defines the (outer) probability for the*credible interval*that is plotted (see`ci`

). By default,`stanreg`

-models are printed with two intervals: the "inner" interval, which defaults to the 50%-CI; and the "outer" interval, which defaults to the 89%-CI.`ci.lvl`

affects only the outer interval in such cases. See`prob.inner`

and`prob.outer`

under the`...`

-argument for more details.- se
Logical, if

`TRUE`

, the standard errors are also printed. If robust standard errors are required, use arguments`vcov.fun`

,`vcov.type`

and`vcov.args`

(see`standard_error_robust`

and this vignette for details), or use argument`robust`

as shortcut.`se`

overrides`ci.lvl`

: if not`NULL`

, arguments`ci.lvl`

and`transform`

will be ignored. Currently,`se`

only applies to*Coefficients*plots.- robust
Logical, shortcut for arguments

`vcov.fun`

and`vcov.type`

. If`TRUE`

, uses`vcov.fun = "vcovHC"`

and`vcov.type = "HC3"`

as default, that is,`vcovHC`

with default-type is called (see`standard_error_robust`

and this vignette for further details).- vcov.fun
Character vector, indicating the name of the

`vcov*()`

-function from the sandwich or clubSandwich package, e.g.`vcov.fun = "vcovCL"`

, if robust standard errors are required.- vcov.type
Character vector, specifying the estimation type for the robust covariance matrix estimation (see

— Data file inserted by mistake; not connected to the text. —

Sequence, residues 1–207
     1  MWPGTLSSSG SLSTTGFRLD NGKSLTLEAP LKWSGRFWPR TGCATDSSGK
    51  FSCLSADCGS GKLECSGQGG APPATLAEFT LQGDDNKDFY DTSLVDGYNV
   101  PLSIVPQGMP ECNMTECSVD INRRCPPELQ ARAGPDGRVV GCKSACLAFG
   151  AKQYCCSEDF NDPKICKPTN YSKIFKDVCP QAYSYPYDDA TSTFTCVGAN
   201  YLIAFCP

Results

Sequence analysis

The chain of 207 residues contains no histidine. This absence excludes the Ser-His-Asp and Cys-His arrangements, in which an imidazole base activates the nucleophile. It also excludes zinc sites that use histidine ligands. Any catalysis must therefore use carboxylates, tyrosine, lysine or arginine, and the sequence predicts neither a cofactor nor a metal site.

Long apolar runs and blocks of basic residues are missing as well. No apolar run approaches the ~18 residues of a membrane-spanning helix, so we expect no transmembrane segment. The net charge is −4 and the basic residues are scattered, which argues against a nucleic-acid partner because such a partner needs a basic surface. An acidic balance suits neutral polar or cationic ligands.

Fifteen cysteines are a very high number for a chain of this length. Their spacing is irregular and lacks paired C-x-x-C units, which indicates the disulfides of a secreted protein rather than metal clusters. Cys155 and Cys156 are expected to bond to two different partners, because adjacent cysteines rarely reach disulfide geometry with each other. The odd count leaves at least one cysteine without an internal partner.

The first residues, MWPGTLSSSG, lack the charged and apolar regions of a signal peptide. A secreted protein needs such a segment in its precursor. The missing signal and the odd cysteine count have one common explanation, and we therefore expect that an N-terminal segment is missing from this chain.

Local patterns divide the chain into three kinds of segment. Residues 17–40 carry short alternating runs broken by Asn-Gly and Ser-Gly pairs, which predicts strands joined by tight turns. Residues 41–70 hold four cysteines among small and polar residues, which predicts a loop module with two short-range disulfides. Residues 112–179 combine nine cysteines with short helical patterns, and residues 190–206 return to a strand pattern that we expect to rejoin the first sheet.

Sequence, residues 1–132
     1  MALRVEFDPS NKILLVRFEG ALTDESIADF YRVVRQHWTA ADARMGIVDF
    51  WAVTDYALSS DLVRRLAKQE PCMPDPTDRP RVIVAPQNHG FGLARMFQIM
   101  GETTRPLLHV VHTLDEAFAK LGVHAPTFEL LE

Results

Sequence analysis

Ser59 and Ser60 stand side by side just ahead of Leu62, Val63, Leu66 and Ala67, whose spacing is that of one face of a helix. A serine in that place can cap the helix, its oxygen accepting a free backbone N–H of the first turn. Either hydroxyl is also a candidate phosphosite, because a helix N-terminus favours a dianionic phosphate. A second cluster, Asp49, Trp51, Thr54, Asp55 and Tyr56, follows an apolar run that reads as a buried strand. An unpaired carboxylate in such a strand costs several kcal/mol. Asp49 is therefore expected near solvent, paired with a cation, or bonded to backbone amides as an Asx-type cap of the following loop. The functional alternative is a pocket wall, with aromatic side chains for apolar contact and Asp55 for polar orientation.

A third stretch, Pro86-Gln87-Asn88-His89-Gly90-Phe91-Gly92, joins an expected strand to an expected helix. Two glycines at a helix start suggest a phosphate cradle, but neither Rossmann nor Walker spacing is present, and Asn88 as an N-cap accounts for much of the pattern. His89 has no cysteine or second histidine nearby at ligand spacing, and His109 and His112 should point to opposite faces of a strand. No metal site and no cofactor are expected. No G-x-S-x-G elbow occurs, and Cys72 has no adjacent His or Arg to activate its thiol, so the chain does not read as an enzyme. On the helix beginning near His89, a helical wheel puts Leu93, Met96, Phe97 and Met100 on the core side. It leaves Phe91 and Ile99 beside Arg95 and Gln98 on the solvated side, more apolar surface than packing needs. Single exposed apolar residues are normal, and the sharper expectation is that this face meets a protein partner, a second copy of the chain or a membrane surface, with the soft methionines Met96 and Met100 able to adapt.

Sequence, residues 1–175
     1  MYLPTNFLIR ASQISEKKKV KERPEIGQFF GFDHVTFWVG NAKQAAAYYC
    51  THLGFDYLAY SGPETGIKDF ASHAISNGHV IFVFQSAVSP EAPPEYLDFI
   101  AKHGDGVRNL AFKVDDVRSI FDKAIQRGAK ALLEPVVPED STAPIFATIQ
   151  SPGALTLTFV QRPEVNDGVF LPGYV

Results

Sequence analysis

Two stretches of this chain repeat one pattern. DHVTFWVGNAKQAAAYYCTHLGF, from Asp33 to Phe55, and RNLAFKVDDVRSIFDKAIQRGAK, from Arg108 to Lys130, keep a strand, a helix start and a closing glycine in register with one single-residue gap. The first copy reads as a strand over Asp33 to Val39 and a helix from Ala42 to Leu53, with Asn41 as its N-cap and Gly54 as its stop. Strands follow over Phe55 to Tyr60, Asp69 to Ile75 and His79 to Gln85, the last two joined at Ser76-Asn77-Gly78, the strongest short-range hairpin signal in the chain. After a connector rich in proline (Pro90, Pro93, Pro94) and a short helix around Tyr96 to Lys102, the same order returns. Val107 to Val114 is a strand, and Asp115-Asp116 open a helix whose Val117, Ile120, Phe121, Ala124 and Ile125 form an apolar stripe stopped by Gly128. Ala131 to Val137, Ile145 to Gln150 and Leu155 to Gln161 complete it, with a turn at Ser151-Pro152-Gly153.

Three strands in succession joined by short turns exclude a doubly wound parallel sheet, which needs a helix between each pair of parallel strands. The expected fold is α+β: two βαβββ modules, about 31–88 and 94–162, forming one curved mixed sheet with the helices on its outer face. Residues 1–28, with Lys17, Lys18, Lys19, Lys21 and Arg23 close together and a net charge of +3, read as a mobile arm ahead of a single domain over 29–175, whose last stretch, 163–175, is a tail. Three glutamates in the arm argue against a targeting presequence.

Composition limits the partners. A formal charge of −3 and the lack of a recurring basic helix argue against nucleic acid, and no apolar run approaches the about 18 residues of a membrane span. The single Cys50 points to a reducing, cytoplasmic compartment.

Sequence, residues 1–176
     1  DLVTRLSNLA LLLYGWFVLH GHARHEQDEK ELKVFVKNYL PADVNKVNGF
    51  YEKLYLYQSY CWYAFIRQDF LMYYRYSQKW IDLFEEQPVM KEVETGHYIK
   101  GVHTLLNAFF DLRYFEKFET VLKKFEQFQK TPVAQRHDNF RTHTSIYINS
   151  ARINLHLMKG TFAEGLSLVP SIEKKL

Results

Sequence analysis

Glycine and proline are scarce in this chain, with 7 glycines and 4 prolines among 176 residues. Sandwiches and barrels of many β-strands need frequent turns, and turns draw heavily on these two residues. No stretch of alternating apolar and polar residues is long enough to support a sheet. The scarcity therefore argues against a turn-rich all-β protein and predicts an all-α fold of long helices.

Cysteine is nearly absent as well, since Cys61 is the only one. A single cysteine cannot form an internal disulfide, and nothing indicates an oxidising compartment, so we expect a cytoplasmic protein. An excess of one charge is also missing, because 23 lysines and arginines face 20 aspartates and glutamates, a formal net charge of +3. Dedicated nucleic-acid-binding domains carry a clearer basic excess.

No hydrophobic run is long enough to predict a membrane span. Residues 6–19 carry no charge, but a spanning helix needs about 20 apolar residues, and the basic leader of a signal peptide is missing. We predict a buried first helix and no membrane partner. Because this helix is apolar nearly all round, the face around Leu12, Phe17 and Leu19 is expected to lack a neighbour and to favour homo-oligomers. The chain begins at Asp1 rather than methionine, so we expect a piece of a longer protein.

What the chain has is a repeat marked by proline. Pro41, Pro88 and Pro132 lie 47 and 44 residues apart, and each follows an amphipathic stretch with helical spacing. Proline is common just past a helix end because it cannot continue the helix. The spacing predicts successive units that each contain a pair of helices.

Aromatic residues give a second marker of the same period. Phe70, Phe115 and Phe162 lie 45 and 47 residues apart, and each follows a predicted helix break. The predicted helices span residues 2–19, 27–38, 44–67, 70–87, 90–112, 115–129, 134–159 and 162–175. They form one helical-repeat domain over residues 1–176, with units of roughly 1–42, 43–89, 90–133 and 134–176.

`vcovHC()`

or`clubSandwich::vcovCR()`

for details).- vcov.args
List of named vectors, used as additional arguments that are passed down to

`vcov.fun`

.- colors
May be a character vector of color values in hex-format, valid color value names (see

`demo("colors")`

) or a name of a pre-defined color palette. Following options are valid for the`colors`

argument:If not specified, a default color brewer palette will be used, which is suitable for the plot style.

If

`"gs"`

, a greyscale will be used.If

`"bw"`

, and plot-type is a line-plot, the plot is black/white and uses different line types to distinguish groups (see this package-vignette).If

`colors`

is any valid color brewer palette name, the related palette will be used. Use`RColorBrewer::display.brewer.all()`

to view all available palette names.There are some pre-defined color palettes in this package, see

`sjPlot-themes`

for details.Else specify own color values or names as vector (e.g.

`colors = "#00ff00"`

or`colors = c("firebrick", "blue")`

).

- show.intercept
Logical, if

`TRUE`

, the intercept of the fitted model is also plotted. Default is`FALSE`

. If`transform = "exp"`

, please note that due to exponential transformation of estimates, the intercept in some cases is non-finite and the plot can not be created.- show.values
Logical, whether values should be plotted or not.

- show.p
Logical, adds asterisks that indicate the significance level of estimates to the value labels.

- show.data
Logical, for